Delaware Arts Organizations Bring Economic and Social Change


Arts organizations have significant impacts in Delaware. Photo courtesy of Delaware Art Museum

Arts and cultural organizations contribute to social change and economic growth while making Delaware a must-visit arts destination.

When I first moved to Delaware, I heard a government leader explain that Delaware’s economy, rooted in the innovation of DuPont’s gunpowder factories, is rooted in “C »: chemicals, credit cards, companies and chickens.

In my past 12 years working at the Delaware Art Museum, where I am now Executive Director, I quickly recognized that one important “C” sector was missing from this familiar list: culture.

Despite our state’s small population, it has an impressive roster of arts, cultural, and entertainment organizations that serve residents of all ages and backgrounds, including expansive historic estates, art museums, symphonies, operas, ballets, theaters and many musical groups and artistic venues. .

But overall, the arts – like much of the nonprofit sector – have operated in the background instead of being celebrated as essential threads of our strong social and economic fabric. Nonprofit arts organizations and artists are quietly bolstering our underfunded public arts education, bringing together disparate groups of Delawares to engage in civic dialogue around critical topics, and improving quality of life to attract new residents and businesses.

Pieces of a Dream Inc. performs in front of Joe Moss’ “Orifice II” in the Delaware Art Museum’s Copeland Sculpture Garden.

Our sector is proud of this vital, yet often overlooked, role. We love to share stories about our programs and education and brag about our significant slice of the state’s economic pie, as evidenced by the 7,300 Delawares we employ and the approximately $1 billion we contribute to the state’s GDP. .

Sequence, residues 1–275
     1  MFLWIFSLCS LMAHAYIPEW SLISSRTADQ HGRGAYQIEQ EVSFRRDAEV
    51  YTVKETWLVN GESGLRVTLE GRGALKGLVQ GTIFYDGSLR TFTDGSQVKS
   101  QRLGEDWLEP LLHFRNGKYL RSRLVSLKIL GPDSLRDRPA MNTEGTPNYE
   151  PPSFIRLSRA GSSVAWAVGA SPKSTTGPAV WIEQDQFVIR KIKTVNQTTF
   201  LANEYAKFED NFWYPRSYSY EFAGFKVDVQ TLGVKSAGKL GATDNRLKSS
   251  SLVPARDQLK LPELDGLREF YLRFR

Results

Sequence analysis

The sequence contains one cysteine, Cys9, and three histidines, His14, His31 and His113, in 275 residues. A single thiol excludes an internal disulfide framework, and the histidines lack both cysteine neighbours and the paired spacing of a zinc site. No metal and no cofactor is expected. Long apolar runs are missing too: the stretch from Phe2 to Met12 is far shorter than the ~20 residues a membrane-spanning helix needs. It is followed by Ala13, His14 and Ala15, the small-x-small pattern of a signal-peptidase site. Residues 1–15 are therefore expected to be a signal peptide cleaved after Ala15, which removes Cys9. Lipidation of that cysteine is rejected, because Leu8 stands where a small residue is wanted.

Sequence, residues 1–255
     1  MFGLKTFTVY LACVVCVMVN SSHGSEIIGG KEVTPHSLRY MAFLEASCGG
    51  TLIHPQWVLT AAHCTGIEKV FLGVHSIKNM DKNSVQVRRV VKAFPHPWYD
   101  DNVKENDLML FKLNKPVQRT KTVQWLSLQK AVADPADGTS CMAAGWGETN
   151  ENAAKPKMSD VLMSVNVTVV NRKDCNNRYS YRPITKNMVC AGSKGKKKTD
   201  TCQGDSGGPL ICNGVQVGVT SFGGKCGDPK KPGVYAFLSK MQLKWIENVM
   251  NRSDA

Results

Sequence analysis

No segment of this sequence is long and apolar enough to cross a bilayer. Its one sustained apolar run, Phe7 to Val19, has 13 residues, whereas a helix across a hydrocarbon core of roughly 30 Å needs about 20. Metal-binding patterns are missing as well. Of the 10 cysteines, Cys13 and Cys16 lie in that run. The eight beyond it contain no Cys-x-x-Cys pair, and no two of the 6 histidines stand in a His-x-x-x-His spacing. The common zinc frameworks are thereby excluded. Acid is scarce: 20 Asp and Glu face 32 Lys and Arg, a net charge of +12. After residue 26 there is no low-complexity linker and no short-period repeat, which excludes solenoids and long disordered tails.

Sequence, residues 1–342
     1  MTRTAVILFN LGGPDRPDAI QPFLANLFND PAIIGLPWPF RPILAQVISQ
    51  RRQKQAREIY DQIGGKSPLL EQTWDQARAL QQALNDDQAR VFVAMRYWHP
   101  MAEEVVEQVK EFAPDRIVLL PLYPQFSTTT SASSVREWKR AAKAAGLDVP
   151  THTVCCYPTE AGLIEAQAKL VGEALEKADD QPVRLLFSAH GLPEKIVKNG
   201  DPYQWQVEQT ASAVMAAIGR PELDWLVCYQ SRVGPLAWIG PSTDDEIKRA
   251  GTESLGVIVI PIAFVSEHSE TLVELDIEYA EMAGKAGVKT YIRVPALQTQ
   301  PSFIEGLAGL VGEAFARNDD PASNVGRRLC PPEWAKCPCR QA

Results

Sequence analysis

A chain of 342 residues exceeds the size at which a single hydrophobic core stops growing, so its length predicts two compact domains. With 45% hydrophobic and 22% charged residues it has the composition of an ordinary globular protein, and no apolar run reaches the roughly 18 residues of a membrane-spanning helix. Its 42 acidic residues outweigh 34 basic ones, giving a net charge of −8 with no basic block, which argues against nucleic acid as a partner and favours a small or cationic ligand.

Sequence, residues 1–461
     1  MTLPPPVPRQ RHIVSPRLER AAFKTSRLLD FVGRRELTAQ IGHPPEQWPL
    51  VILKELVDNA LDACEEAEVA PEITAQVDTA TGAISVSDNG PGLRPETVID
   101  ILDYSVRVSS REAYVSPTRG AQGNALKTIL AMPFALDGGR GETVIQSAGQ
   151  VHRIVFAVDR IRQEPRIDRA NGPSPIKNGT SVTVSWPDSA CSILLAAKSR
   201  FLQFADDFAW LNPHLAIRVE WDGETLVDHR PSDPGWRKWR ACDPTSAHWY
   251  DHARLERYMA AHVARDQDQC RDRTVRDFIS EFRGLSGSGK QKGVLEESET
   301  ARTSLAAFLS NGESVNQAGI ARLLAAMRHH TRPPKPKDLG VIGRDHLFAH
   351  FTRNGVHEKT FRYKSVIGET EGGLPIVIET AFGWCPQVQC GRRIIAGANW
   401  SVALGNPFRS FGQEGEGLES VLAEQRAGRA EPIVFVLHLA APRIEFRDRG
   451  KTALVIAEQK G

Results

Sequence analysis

But the stories and statistics don’t address the broader value the arts sector brings to our state. We have a huge opportunity to transform Delaware from a state known for its “C” industries to a cultural capital known as a must-visit arts destination. A place with a thriving creative economy, where the arts are an innovative partner on a range of critical societal issues.

While many non-profit arts organizations – and our talented working artists – are still recovering from the financial impacts of the pandemic, momentum is building across the sector towards this vision that squarely centers the arts as both an economic driver and catalyst for social change.

There is evidence of this renewed energy and urgency across the state. For some organizations, like the Choir School of Delaware, a tuition-free choral program for Wilmington youth with wraparound social services—where community service and racial equity are built into their business model—that has meant growing to respond to the growing need for out-scheduling extracurricular time and tackle the childcare crisis head-on.

“Here at the Choir School, we serve as a community center that sings,” says Arreon A. Harley-Emerson, the school’s executive director. “We are an Athenaeum where students and families come to learn, grow, support each other, access vital social services, and explore their cultural heritage and identity. The arts stimulate social action and call us all to work together in a spirit of community to serve the greater good.